Law student takes over reins as UCU Guild President

By Ivan Tsebeni
Racheal Mirembe Sserwadda’s victory to become Uganda Christian University’s (UCU) 24th Guild President was not a surprise to those who know her. The third-year student of Bachelor of Laws has been a school leader since her early primary days.

Sserwadda’s victory in the elections held on November 24, 2021, enter her into the annals of UCU as the institution’s third female Guild President in its 24 years of existence. Blessed Murungi was the first female Guild President in 2014. Two years later, in 2016, the institution got another female Guild President in Prisca Amongin.

Sserwadda, next to UCU Vice Chancellor Assoc. Prof. Aaron Mushengyezi, swears in as UCU’s 24th Guild President at Nkoyoyo Hall on December 2
Sserwadda, next to UCU Vice Chancellor Assoc. Prof. Aaron Mushengyezi, swears in as UCU’s 24th Guild President at Nkoyoyo Hall on December 2

“I have lost superlatives to describe how happy I feel,” Sserwadda said while addressing students during her victory speech. “This is your win; this is our victory; let’s keep resilient in the new normal.”

Sserwadda attributed her victory to God.

“From day one, God took the lead in everything I did,” she said “During the campaigns, I got to learn about many challenges that our people face. We shall work together to find solutions.”

Most challenges referenced by the new guild president relate to blended learning obstacles. She assumes office at a time when higher institutions of learning are just opening up for in-person education after almost two years of no physical learning because of the Covid-19 pandemic.

Sserwadda was declared winner of the contest by the Director of Students’ Affairs, Bridget Mugume Mugasira, after beating off a stiff challenge from Bravo Phillip Ayebare. Sserwadda polled 55.45% of the votes cast. She takes over the reins from outgoing Guild President Kenneth Agaba Amponda.

UCU Vice Chancellor Assoc. Prof. Aaron Mushengyezi said the institution had “demonstrated to the world that it is possible to have a peaceful, free and fair election.”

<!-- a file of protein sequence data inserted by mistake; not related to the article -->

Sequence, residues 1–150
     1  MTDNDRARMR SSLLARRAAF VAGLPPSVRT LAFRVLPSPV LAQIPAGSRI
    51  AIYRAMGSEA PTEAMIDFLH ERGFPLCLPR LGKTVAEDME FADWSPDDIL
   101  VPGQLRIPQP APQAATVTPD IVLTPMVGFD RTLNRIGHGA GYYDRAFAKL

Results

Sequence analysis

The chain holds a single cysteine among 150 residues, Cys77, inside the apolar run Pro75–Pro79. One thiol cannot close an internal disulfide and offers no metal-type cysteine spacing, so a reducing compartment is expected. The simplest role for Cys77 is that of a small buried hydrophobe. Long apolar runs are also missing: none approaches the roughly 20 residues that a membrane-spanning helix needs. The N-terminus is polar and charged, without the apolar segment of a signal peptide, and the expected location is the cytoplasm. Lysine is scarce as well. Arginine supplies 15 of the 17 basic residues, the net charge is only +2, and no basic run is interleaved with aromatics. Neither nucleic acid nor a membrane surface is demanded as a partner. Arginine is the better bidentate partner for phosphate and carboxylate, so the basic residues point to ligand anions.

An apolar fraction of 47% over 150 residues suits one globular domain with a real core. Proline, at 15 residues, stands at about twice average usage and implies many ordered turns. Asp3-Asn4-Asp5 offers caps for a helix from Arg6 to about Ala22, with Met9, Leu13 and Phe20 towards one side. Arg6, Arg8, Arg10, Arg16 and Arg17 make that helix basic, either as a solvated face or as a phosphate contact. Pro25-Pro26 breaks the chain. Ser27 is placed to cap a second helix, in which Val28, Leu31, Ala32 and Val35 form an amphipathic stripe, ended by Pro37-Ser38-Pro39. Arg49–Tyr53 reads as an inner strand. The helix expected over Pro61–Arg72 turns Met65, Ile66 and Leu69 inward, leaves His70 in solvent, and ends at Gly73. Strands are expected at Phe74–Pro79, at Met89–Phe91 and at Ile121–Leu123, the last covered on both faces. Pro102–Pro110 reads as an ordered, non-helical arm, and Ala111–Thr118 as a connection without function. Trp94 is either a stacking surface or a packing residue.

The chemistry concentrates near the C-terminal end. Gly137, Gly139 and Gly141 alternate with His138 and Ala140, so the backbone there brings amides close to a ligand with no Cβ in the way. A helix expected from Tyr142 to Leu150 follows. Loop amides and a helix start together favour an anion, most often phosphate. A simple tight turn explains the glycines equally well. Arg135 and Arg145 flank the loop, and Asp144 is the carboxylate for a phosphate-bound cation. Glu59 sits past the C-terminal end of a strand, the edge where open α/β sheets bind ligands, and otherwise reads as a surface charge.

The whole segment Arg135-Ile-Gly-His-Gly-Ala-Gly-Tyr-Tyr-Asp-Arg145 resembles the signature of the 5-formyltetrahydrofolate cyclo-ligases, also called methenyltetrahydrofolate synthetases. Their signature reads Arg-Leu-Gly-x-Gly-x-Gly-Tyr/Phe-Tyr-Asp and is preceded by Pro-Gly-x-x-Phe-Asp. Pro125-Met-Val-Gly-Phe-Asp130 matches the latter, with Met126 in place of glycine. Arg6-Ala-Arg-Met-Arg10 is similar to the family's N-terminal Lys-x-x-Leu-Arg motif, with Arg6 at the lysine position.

Sserwadda hopes to hinge her leadership on three pillars: Social welfare of students,

Former candidate Ayebare Bravo congratulates Sserwadda after the swearing-in ceremony.
Former candidate Ayebare Bravo congratulates Sserwadda after the swearing-in ceremony.

accountability and security. She says her greatest reason for contesting for leadership positions is to positively impact the community in which she lives as she ushers it into the Silver Jubilee of existence of the university in 2022.

“I intend to introduce the use of suggestion boxes, particularly in areas around the university’s dining hall, sports complex and lecture rooms,” Sserwadda told The Standard online, a publication of the university.

“I am also a sports enthusiast,” she noted, adding: “I will work hand in hand with the sports department at the university to facilitate sports activities. I believe that students should be encouraged to participate in aerobics.”

Born 22 years ago, Sserwadda says she has achieved whatever has come her way because of supportive parents. The first born of three children is a daughter of Sserwadda George William, a businessman in Kampala, and Naomi Nakaziba, a pediatrician.

For her primary education, Sserwadda changed schools three times, eventually completing at St. Lawrence Primary School, Kabowa, near Kampala.

From St. Lawrence, Sserwadda headed to King’s College, Budo, an elite school in Uganda, where she studied for the entire six years of secondary education, before joining UCU.

While in Primary Three at Hormisdallen Primary School in Kampala, Sserwadda was elected the Class Prefect. In Primary Six, Sserwadda was elected the school’s Sanitation Prefect. At King’s College, Budo, she was a student leader in the school’s water and sanitation club and, later, a house prefect of one of the dormitories at Budo.

At UCU, she is the leader of the Mustard Seed Choir.  Sserwadda believes that the leadership positions have helped her to attain communication and listening skills – competences that are critical for any leader to succeed.

“I have learnt that as a students’ leader, it’s good to be flexible. You must also strive to bridge the gap between the students and the school administration,” Sserwadda said, noting that such a move will help the school administrators and the students to co-exist harmoniously.